Greeley keeps control of KUNC
Friends' bid outweighs Colorado network's
Originally published in Current, March 12, 2001
By Karen Everhart Bedford
There was no cheering on the air March 1  during KUNC-FM's 3:04 p.m. local news report on the pending transfer of the station's license.
Not that there wasn't major jubilation off-air among the staff and the Friends group of the Greeley, Colo., station, whose 20-day campaign to retain local control of KUNC generated more than $2 million in pledges from some 2,000 supporters..
Earlier that day, the University of Northern Colorado had accepted the Friends' $2 million bid for the license over Colorado Public Radio's $2.6 million offer. But however exhilarating the outcome for an exhausted staff, manager Neil Best insisted that KUNC not break its on-air standards, even in a moment of triumph.
"The station is saying in its call letters, 'Community radio for northern Colorado,' and that's a sweet sound to hear," says Pat Thomas, secretary of the Friends of KUNC. The $1.4 million raised in cash, and another $600,000 in solid pledges, "says what an incredible station our staff is producing, for people to give that kind of money."
It wouldn't have happened if KUNC hadn't created "such a great radio station that no one could bear the thought of it being silenced," she added.
The campaign for KUNC became a symbolic battle against "the homogenization of America that we see," said Best. Local restaurants go out of business due to competition from big chains, newspapers such as the Rocky Mountain News and Denver Post consolidate, and there's "not a damn thing" people can to do about it.
"This became a symbol," said Best, "a chance to say something about Time-Warner and AOL and all those mergers out there."
The Friends guaranteed to pay $510,000 for a "quasi-endowment" held for KUNC by the university foundation, and this proposal gave their bid an edge over CPR's. The university recognized that if CPR acquired the endowment of about $600,000 along with the station, many of those who had donated the funds would demand their money back.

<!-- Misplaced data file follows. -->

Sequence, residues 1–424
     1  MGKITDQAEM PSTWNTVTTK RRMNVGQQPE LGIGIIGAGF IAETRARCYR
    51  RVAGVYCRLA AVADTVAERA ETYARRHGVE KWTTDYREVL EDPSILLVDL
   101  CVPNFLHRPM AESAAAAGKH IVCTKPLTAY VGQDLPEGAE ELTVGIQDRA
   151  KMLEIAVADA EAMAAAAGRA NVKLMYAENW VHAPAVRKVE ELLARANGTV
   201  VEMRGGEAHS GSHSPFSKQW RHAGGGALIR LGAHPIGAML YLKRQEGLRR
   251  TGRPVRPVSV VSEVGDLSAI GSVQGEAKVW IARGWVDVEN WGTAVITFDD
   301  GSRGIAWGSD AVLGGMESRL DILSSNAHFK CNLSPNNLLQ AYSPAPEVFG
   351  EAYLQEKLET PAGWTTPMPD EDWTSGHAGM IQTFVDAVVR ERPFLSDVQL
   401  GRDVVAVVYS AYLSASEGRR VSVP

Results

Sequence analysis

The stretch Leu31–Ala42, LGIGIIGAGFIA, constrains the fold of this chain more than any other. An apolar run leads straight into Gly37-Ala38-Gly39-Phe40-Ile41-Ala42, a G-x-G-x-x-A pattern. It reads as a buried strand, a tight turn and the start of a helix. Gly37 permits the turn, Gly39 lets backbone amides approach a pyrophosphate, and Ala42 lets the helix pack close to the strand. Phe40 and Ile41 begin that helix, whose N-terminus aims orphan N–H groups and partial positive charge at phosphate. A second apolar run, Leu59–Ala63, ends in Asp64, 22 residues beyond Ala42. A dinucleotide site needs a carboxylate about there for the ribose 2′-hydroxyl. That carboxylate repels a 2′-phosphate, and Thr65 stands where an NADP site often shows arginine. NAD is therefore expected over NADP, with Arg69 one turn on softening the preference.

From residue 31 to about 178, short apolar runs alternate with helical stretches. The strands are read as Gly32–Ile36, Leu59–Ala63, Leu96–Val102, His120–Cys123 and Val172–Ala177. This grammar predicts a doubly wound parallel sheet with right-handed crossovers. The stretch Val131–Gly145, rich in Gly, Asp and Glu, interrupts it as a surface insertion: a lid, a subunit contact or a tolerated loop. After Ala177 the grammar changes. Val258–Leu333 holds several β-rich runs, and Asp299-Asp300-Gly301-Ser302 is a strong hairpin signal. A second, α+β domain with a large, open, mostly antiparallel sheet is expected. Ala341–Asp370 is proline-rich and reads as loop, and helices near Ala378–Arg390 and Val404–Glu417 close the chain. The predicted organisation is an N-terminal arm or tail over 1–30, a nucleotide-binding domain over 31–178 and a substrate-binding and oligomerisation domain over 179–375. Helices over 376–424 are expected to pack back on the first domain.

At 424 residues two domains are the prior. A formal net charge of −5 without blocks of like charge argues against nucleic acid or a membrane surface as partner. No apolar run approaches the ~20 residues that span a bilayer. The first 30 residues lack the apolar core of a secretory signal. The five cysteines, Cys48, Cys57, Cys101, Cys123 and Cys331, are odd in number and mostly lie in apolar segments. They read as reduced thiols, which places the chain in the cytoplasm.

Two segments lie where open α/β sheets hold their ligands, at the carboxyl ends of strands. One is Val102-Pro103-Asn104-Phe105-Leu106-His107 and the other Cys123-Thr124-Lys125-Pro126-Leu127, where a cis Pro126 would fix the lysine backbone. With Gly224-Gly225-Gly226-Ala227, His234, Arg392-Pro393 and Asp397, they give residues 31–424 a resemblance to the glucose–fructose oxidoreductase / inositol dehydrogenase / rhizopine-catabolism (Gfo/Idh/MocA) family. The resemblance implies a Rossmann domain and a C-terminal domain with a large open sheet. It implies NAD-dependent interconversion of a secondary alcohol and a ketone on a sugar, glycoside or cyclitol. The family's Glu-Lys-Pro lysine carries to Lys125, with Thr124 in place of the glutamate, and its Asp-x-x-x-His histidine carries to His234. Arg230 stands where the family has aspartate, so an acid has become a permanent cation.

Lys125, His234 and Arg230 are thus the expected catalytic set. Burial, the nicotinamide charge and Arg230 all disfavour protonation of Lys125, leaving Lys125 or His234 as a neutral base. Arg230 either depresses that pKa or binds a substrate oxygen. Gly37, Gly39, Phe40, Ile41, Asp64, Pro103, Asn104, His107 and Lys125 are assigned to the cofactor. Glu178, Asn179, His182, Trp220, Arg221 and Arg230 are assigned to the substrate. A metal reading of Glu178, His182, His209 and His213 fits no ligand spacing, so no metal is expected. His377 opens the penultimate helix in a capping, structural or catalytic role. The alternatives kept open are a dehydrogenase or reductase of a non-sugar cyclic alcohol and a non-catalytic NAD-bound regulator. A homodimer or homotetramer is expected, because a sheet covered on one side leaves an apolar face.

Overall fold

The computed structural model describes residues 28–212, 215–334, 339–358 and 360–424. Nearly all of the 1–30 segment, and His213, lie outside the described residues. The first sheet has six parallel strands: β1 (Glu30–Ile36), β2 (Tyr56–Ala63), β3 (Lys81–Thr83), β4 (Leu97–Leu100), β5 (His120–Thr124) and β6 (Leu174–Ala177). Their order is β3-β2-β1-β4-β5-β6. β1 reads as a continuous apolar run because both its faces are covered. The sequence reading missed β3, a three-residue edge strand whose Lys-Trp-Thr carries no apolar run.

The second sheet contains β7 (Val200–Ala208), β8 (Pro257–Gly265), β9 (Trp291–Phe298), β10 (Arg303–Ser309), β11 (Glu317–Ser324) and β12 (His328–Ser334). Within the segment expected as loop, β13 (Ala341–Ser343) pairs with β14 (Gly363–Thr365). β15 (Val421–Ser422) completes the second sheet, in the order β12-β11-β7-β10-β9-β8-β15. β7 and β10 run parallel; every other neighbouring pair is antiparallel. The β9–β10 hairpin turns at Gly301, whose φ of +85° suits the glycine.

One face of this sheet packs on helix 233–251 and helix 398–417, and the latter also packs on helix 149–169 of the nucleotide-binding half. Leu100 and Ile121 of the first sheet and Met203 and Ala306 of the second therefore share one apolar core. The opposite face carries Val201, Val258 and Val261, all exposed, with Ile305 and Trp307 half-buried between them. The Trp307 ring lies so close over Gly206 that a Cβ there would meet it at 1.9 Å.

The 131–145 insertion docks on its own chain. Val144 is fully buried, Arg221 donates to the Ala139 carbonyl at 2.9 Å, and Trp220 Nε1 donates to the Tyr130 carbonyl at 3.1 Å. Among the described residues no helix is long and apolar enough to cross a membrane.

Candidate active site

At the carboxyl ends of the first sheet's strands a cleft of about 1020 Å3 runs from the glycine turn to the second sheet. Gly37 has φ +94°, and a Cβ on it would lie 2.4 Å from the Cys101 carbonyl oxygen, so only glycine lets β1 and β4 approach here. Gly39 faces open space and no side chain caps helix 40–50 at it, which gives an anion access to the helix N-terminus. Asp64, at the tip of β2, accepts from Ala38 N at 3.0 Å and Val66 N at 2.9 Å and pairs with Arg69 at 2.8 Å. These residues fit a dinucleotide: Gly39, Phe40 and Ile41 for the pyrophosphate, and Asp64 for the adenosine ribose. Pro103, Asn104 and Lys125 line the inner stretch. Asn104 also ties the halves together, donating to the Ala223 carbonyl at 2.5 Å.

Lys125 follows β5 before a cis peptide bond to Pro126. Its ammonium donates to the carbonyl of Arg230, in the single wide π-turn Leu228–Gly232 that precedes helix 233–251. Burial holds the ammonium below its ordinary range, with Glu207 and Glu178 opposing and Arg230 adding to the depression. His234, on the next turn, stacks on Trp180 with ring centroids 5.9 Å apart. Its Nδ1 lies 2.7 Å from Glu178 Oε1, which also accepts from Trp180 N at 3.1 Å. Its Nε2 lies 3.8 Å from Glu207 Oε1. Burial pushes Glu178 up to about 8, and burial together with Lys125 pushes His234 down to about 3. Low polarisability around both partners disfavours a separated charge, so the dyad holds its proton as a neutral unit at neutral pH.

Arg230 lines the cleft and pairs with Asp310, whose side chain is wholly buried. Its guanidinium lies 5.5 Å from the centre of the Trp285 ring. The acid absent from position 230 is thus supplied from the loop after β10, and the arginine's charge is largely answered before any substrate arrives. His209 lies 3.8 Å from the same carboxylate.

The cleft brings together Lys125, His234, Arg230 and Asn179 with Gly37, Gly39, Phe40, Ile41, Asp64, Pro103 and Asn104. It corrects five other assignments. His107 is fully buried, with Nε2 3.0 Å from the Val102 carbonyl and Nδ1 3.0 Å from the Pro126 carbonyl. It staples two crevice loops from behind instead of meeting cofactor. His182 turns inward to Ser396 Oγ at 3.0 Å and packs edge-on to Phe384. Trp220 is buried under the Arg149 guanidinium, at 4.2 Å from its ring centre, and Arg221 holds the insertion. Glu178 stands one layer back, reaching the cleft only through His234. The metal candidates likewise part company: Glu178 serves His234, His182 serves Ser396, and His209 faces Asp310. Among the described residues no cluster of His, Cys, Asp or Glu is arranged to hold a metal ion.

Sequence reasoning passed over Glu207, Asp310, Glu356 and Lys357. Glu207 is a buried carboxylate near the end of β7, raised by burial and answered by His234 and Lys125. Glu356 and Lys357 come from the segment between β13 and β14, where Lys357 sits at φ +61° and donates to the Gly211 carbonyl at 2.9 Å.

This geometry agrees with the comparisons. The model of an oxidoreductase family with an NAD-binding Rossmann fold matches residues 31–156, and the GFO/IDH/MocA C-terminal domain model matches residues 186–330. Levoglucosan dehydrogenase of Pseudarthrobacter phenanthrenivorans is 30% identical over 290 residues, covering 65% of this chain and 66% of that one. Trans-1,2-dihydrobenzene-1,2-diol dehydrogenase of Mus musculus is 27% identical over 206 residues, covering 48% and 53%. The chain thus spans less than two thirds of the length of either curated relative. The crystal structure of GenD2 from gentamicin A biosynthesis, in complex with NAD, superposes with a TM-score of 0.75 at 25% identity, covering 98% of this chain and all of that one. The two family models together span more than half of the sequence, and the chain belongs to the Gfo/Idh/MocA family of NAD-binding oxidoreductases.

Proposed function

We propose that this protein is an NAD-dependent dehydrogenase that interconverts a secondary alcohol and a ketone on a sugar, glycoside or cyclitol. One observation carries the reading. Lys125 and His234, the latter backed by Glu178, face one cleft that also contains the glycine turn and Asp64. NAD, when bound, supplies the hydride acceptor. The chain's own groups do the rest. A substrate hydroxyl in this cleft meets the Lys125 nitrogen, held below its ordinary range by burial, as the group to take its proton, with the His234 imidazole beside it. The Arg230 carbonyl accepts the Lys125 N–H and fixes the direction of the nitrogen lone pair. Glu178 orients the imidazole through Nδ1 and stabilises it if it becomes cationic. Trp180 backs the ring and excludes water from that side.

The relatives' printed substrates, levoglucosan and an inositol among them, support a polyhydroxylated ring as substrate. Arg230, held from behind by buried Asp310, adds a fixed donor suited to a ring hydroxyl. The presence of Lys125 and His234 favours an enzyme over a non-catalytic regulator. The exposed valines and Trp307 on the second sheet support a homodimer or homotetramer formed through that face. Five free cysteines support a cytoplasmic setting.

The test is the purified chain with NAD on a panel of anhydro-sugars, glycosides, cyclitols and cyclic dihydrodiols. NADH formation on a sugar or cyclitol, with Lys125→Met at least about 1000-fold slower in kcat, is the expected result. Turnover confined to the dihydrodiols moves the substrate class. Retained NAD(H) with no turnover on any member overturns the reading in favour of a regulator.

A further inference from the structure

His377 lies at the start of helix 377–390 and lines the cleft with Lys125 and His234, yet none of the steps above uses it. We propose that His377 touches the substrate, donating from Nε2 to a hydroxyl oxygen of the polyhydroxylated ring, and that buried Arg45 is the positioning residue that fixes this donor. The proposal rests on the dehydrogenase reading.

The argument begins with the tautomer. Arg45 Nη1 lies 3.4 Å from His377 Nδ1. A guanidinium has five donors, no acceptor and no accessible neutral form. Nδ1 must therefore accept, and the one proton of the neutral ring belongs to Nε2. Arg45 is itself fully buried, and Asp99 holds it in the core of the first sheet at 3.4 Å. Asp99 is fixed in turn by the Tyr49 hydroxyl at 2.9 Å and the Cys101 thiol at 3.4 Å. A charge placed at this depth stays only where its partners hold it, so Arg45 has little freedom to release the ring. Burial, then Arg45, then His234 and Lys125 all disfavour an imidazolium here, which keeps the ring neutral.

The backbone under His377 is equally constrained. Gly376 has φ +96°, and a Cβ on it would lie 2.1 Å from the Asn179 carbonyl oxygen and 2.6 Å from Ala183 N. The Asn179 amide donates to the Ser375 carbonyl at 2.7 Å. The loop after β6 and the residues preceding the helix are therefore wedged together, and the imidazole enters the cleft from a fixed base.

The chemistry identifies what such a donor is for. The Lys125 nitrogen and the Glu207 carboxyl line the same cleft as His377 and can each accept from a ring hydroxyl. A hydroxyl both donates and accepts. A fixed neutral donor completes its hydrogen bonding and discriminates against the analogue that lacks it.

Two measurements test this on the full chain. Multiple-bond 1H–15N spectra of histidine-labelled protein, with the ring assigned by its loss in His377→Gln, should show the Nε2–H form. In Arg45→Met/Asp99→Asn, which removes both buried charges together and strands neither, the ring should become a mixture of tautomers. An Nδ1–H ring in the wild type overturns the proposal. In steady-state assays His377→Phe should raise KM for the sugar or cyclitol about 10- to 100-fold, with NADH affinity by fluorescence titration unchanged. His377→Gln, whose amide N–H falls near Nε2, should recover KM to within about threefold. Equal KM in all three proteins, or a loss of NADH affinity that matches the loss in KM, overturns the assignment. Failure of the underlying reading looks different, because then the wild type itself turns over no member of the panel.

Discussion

"When we did an analysis of how the endowment would be treated, and the likelihood of funds remaining, that's what tilted the balance in favor of the Friends," said Kay Norton, v.p. of university affairs. Friends of KUNC also offered to pay interest to the university on its $2 million escrow account while the FCC considers the license transfer.
"The Friends were able to raise a phenomenal amount of money in a short period of time so that they could make a competitive offer, and that was very impressive," commented Norton. "There were two competitive proposals to maintain a public radio voice in Northern Colorado, but the Friends really had the edge."
The university originally negotiated only with Denver-based CPR--notably, five of its seven voting trustees are Denver-area residents. But when listeners swiftly and vociferously objected to the sale, the trustees postponed acting on CPR's offer, and KUNC's Friends group began its campaign. The Denver-based network wanted to put a news/information schedule on KUNC, but the station's fans wanted to keep its "diverse music" format. The university gave KUNC supporters only until Feb. 28 to make a competing bid.
Educational Media Foundation, owner of the K-LOVE Christian radio network, also considered joining the bidding process. K-LOVE's initial inquiry raised the stakes of the bidding process, and prompted CPR to raise its first offer of $1.9 million to $2.6 million.
Based on its previous experience vying for frequencies against K-LOVE, CPR's board saw the religious broadcaster as a more threatening challenger for KUNC's license, said Max Wycisk, CPR president. If K-LOVE won the license, the frequency would be lost to public radio. CPR's board decided to raise its bid to $2.6 million.
"The board suspected that the Friends group was out of their territory financially," explained Wycisk, and "saw the threat as completely coming from the religious broadcaster."
But at the end of the business day on Feb. 28, K-LOVE informed the university that it would not bid. As a 100,000-watt station, KUNC is a "premiere facility," commented Joe Miller, K-LOVE finance director, but also the main NPR station serving the region. "That being the case, we felt the community pressure on a proposed sale to someone who would discontinue NPR programming was basically untenable."
"My reaction and that of the board was relief that license remained within public radio--and enormous congratulations to the Friends group for raising such a huge amount of money in short period of time," said Wycisk. "They did a great job."
. To Current's home page . Earlier news: Supporters of Greeley station launch crash fund drive to counter offer from Denver. . Outside links: KUNC and Friends of KUNC and Colorado Public Radio.
Web page posted March 17, 2001
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